Okay, so we chatted about how you have to BE something before you can HAVE it. We received a response requesting some ideas as to how to handle the challenges. I’m going to go there in a future post but for now, let’s really dissect the trouble, okay?
Sometimes, I think, we make spiritual stuff harder than it needs to be and we get frustrated with it because there’s not an end point we can shoot for. (Okay, full enlightenment is great, but I would be happy with making it through the day without thinking bad thoughts about someone else.) It’s really easy to think “my goal is to be nice to everybody, all the time” than it is to live it. And when it gets too hard or too frustrating to try and think in an enlightened way, we use the guilt and shame as whips against our souls. Then we affirm that OBVIOUSLY we’re not worthy of the good in our lives, so why try. Okay, I shortened the process here for the sake of space, but I think you get the gist.
I’m going to liken spiritual learning with something that most of us know a lot about — changing our diet and/or eating habits.
When you first decided that you were going to “change your ways” as far as the food you put in your body, do you remember how you felt? Excited, ready to learn, eager to seek support and more information, and maybe a little apprehensive. There was so much to read and learn and think about that thinking about food/snacks/can have’s/can’t have’s became all consuming. It’s all you thought about and all you talked about. If you’re not eating, you’re thinking about the what and the when of your next snack.
I remember when John and I went off of sugar. The first days were terrible! My head hurt, my body hurt and I was just generally cranky. Going out of the house was a true test. I remember clearly standing in line at the grocery store shocked by all the walls and shelves lined with brightly colored ads for sugary items. So, did the grocery chain find out that John and I were off of sugar and put all of those items in front of us to tempt us or to trip us up? (John says, yes, they did.) No! Those things were already there. I just had not ever noticed them to that degree before.
So, let’s go through my analogy a bit more:
My head hurting — Total entrainment with my previous thought pattern. My human mind was trying to help me to see the error of my ways and convince me that I would feel better if I’d just give up these highfalutin ideas. Eating had come easy all of the previous years of my life, why give that ease up now? This new path is hard and I’m tired.
My body hurting — If the mind can’t get you back, the pressure of the many will! I’m going to equate my body to the tribal teachings (societal agreements) that we’ve all bought into as truth. My body didn’t agree with the mind’s choices and was willing to take some low blows to make me come back into the pack. That’s how tribal teachings work — you go against the flow and you pay the price.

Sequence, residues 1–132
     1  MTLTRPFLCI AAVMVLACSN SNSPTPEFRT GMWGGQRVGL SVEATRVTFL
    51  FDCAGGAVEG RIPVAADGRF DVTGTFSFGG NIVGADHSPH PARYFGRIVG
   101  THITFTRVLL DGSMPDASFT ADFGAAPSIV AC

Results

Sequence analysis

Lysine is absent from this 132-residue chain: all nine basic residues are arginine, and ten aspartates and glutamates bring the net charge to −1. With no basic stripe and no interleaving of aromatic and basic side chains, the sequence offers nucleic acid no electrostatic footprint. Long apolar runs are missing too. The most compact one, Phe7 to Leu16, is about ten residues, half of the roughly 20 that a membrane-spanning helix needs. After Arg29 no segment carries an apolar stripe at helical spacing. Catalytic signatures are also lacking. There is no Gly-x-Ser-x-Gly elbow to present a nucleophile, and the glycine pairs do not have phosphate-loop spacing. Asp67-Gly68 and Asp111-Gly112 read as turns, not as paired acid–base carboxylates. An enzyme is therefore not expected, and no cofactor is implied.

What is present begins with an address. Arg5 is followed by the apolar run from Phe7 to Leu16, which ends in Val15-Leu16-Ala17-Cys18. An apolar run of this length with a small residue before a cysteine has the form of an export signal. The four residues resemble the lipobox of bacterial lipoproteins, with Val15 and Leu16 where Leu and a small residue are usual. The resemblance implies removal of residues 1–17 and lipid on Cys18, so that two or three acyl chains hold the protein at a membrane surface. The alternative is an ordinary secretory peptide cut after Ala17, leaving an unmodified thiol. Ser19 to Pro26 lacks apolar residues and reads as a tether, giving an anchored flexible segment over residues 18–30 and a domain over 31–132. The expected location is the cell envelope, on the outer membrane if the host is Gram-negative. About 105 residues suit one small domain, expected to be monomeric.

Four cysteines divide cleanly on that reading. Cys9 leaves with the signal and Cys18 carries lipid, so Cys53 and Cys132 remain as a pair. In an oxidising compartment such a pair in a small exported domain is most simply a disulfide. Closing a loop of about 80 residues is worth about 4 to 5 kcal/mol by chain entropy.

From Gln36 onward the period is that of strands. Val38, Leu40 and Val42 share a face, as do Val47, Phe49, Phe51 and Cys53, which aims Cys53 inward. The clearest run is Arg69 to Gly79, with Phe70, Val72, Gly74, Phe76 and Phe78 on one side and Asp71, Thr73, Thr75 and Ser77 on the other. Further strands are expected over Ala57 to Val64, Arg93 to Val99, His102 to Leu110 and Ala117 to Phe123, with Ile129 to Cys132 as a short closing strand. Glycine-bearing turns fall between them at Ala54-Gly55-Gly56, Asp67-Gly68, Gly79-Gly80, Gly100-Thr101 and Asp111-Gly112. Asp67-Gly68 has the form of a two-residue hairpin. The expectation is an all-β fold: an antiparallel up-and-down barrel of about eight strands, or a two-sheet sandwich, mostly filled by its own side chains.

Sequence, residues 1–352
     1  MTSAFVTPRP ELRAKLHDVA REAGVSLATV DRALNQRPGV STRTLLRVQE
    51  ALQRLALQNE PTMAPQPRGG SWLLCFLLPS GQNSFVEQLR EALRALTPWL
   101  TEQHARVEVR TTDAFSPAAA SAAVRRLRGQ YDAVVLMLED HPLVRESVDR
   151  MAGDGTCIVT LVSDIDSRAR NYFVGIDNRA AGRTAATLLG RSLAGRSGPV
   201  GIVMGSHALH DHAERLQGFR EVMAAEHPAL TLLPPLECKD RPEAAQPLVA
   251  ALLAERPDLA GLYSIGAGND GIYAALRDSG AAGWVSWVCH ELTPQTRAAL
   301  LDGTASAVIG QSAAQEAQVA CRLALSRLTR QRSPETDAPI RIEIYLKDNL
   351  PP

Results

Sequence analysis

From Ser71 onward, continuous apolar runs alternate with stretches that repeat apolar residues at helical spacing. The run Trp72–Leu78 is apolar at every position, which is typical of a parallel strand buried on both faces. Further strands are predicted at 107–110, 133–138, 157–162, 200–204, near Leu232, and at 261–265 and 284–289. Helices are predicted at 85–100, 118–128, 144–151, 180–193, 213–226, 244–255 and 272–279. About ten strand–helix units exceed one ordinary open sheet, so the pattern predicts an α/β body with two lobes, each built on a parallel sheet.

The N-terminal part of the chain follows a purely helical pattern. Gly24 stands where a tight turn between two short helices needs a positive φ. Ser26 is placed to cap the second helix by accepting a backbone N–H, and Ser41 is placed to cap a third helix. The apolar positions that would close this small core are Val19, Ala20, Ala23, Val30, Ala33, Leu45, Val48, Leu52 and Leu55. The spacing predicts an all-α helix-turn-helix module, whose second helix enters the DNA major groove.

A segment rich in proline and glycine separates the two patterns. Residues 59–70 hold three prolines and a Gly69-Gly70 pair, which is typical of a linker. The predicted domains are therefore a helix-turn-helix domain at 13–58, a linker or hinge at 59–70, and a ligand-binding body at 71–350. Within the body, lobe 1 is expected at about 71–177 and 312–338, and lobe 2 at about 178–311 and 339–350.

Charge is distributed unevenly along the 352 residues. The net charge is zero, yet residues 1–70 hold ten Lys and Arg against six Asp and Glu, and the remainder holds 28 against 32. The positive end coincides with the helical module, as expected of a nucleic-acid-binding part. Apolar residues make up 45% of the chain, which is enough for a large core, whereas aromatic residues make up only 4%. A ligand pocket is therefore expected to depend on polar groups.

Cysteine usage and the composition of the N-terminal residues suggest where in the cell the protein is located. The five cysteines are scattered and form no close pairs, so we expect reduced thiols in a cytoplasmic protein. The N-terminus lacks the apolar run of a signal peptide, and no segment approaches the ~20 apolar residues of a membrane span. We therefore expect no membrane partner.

And the crankiness, oh, let’s not forget the crankiness — It’s HARD changing your ways. It’s hard going against everything you understand. It’s hard and everyone should understand how hard it is!!! It’s time consuming and frustrating and …. oh you get the picture.
Now, here’s the part that gives you hope. While the first few days were horrible, the horribleness didn’t last. Eventually, the steps became easier to follow and we weren’t fighting against this new way of being.
Here’s where you ask yourself if we’re still off of sugar………. I’d like to say yes, but I’d be lying. However, we did learn a lot about ourselves and what to eat and what not to eat during that stint. Some of the habits we have today stem directly from that particular diet. So, did we “fail” in our attempt to enlighten ourselves?
I say, no. Enlightenment can come to some in an instant (or so I’ve read) but I believe it’s more of a journey. Are we eating better because we went through this diet process? Yes. Did we learn a few things that we’ll always remember? You betcha! For us, the learning is cumulative. Each time we change our eating habits, more ideas make sense and are easier to follow. Spiritual learning is the same way.
The more you study, the more willing you are to look at, practice and TRY to learn a better way, then more sticks with you and makes more sense to you. One point from a book connects with a talk from a spiritual leader connects with something you hear from an unlikely source. It starts settling into your understanding and you find that you’re not fighting against this new thought process as much.
So, understand that the challenges don’t come up because there’s a “test” or a lesson from the Universe. The things we label as challenges were already there — we were either blind to them or we stepped into them without notice. By deciding that you are going to think in another way and act in a higher way only sheds light on the things in your life that no longer fit in your new mindset. They must be dealt with and released before the “new” way of thinking becomes easier.
In the meantime, enjoy learning something new, stay in the excitement of possibilities and let go of the apprehension.
Make sense? Okay, next time — how not to get stuck in your stuff……..